Whanu Binal Indigenous Entrepreneurship Program is blooming good
[by Greg Chapman]
Kerri-Ann Currie. Image: supplied
A Mackay-based landscaping and native plant business, dedicated to working with First Nations people to reconnect with Country, is blooming thanks to Arrow Energy’s Whanu Binal Indigenous Entrepreneurship Program which is delivered by CQUniversity Australia.
Australian Indigenous Grasstrees & Wildflowers, which has operated since 2017, is owned by Kerri-Ann Currie and Nathan Nehow. Nathan is a Nywaigi man (Mungalla Station, Halifax), and Kerri-Ann is a Batdjala woman (Fraser Island/K’gari).
“We started the business for one reason – to get our First Nations men and women back in the bush working and connecting with Country,” Nathan said.
“The magic that comes with this is that we can learn about the traditional uses of the plants and flowers we work with and how we used these natural resources for things like food, shelter, clothing, hunting and medicine.”
Nathan also said the company has provided flowers for CQUniversity, the Mackay Hospital, Queensland Police Service Mackay, and some regional councils. They have also created gardens for local schools and with the mining industry in the Mackay region.
Kerri-Ann said they joined the Whanu Binal Indigenous Entrepreneurship Program to learn from other like-minded First Nations business owners and entrepreneurs.
“We’ve been involved over the last few months, participating in the Wednesday night yarns and sharing what we learn with each other and how to engage with big business,” she said.
“The structure is good, and everyone seems comfortable participating. The program has helped us with connecting with other businesses and sharing our knowledge. I was able to share AIGW’s Capability Statement and assist others to get their own statements written.
“The Whanu Binal program is very informative and covers all aspects of getting started with running your own indigenous business. From start-up to established entrepreneurs you can either learn from others or share your own experience, gaining the knowledge you need for your own start-up or helping others. Either way, it is rewarding being a part of the Whanu Binal Program. Don’t be ashamed, cause we’re all the same. We are all learning here.”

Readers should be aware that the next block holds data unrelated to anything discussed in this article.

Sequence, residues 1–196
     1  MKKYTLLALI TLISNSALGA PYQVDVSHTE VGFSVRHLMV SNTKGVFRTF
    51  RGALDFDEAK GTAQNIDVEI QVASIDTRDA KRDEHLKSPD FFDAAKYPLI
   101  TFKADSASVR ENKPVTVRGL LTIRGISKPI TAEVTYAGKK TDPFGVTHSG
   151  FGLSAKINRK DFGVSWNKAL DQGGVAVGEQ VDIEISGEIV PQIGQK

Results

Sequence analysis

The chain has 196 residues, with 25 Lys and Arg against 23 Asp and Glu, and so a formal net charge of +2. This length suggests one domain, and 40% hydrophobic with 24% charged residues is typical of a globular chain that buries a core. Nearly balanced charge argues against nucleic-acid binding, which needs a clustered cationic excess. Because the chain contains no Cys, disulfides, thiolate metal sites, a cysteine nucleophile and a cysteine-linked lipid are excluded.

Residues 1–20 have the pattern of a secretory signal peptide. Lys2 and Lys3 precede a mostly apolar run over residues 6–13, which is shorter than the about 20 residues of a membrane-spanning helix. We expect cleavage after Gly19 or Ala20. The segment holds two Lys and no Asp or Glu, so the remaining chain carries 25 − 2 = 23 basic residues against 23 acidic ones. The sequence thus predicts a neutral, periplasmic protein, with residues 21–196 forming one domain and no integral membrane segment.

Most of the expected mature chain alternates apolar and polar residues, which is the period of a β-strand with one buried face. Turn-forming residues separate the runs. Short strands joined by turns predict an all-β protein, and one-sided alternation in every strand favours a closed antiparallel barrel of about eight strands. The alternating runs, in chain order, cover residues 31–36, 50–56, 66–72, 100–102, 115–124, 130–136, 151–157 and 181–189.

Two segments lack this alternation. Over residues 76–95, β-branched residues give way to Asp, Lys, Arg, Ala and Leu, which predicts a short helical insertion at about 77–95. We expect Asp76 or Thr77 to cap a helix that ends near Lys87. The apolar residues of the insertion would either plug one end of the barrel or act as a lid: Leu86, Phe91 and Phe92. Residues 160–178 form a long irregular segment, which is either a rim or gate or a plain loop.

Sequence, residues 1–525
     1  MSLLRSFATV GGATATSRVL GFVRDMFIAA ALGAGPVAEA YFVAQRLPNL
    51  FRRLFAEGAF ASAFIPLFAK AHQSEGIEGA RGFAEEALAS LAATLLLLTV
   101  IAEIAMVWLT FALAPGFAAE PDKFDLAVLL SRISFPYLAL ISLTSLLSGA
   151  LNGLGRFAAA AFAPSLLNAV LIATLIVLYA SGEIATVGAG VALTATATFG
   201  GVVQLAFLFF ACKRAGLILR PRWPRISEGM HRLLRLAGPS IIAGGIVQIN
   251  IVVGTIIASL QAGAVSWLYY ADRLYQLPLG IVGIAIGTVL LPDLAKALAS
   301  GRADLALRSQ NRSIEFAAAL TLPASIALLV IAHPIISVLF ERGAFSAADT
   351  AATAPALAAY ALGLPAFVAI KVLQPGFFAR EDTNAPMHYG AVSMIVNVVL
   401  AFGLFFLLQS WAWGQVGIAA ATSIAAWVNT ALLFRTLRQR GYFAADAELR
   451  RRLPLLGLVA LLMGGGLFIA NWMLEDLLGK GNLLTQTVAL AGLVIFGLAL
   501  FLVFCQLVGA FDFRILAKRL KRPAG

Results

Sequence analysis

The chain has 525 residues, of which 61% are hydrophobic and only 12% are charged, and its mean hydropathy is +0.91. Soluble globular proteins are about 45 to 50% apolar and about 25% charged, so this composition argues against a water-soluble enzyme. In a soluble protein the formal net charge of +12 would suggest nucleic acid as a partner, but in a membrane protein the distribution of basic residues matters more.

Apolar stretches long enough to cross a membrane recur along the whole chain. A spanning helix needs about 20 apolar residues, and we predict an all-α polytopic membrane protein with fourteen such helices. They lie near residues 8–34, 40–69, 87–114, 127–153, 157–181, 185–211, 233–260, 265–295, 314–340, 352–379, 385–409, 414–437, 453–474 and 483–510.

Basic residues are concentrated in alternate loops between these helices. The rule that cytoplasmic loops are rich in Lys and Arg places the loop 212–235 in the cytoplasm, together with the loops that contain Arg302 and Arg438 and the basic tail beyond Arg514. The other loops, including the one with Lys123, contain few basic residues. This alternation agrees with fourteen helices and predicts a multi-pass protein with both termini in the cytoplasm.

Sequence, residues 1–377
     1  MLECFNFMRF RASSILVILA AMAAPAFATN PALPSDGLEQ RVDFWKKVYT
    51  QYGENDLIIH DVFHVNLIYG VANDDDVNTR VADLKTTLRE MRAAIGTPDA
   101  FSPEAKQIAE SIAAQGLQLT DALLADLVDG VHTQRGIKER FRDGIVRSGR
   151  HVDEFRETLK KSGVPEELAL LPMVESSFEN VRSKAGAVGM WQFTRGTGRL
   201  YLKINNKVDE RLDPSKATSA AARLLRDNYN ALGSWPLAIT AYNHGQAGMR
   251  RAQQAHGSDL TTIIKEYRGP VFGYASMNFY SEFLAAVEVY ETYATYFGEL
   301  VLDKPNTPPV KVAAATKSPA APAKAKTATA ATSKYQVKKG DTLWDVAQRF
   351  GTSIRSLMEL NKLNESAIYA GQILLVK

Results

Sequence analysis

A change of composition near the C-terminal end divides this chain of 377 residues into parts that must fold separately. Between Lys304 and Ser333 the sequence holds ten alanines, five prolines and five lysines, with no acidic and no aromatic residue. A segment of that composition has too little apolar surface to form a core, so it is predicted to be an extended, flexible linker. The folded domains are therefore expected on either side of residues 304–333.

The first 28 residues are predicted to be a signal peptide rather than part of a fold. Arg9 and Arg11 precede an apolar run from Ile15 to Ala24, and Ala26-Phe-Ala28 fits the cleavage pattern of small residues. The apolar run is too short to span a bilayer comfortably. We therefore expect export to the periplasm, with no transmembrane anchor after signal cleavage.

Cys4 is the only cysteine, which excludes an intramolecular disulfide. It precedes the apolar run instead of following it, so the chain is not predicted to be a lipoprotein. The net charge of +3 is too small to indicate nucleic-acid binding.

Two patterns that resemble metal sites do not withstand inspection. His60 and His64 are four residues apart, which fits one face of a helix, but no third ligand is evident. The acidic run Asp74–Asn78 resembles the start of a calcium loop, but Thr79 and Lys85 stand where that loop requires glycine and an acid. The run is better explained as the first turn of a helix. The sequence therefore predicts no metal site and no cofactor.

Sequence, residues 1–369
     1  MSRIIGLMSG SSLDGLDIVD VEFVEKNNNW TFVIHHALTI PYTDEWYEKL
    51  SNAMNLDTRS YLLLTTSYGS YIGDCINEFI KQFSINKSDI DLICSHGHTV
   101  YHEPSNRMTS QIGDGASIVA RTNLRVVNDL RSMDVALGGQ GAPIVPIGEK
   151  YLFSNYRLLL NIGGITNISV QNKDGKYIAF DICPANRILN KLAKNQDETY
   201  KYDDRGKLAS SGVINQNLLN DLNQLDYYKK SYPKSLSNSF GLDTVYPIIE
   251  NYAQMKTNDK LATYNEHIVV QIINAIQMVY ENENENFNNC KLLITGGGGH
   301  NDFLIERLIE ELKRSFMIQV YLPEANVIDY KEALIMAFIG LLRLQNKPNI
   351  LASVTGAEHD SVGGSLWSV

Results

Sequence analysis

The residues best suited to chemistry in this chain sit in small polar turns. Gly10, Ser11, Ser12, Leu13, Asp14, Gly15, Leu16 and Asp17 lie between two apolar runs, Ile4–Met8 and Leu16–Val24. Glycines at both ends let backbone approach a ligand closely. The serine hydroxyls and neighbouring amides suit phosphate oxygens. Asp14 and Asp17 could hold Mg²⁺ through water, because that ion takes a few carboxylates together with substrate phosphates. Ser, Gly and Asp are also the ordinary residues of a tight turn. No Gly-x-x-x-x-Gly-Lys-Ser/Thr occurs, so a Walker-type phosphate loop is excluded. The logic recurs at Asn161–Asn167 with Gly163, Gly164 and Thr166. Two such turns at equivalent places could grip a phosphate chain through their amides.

Whanu Binal offers First Nations entrepreneurs, executives, managers and Traditional Custodians a chance to build upon their business and entrepreneurial skills through a virtual yarning space, Indigenous learning styles, experienced mentors and the opportunity for networking with peers and business accelerator organisations.
Although the program partnership with CQUniversity launched in 2020, Arrow Energy has run Whanu Binal in various forms since 2013, with the goal of supporting Aboriginal and Torres Strait Islander businesses and individual workers in its operational footprint.
The Whanu Binal program not only enables participants to access content anytime, anywhere on any device, but also to build a professional support network.
In collaboration with CQUniversity and Arrow Energy, closed media pages enable mentoring to be approached in an innovative environment to cater to current travel restrictions.
Expressions of interest for the 2022 are now open. People interested in learning more about the program or submitting an expression of interest can visit www.cqu.edu.au/whanu-binal-indigenous-entrepreneur-program.
CQUniversity and Arrow also invite Indigenous alumni to apply to become program mentors. Those interested can visit the website or contact firstname.lastname@example.org.
To learn more about Australian Indigenous Grasstrees & Wildflowers, visit https://www.facebook.com/aigwqld/
Aboriginal Land Council could soon own Peat Island
[Sophie Wainwright, ABC]
The island, which is closed to the public, is infamous for its institutionalisation of people with mental illnesses and intellectual disabilities from the early 1900s to 2010.
Quest to involve Aboriginal people in mining decisions
[Samille Mitchell, ABC]
With dreams of helping Aboriginal people play a bigger role in the mining industry, Nyiyaparli-Yamatji-Nyungar lawyer Emma Garlett is preparing to study at the University of Oxford on one of Australia's most prestigious postgraduate scholarships.
Yawuru Traditional Owners take the reins at Roebuck Plains Station
[by Kate Sutton]
Yawuru Traditional Owners will build on the legacy of their ancestors as they forge a new era for their people in taking over the pastoral operations at Roebuck Plains Station on Gumaranganyjal near Broome.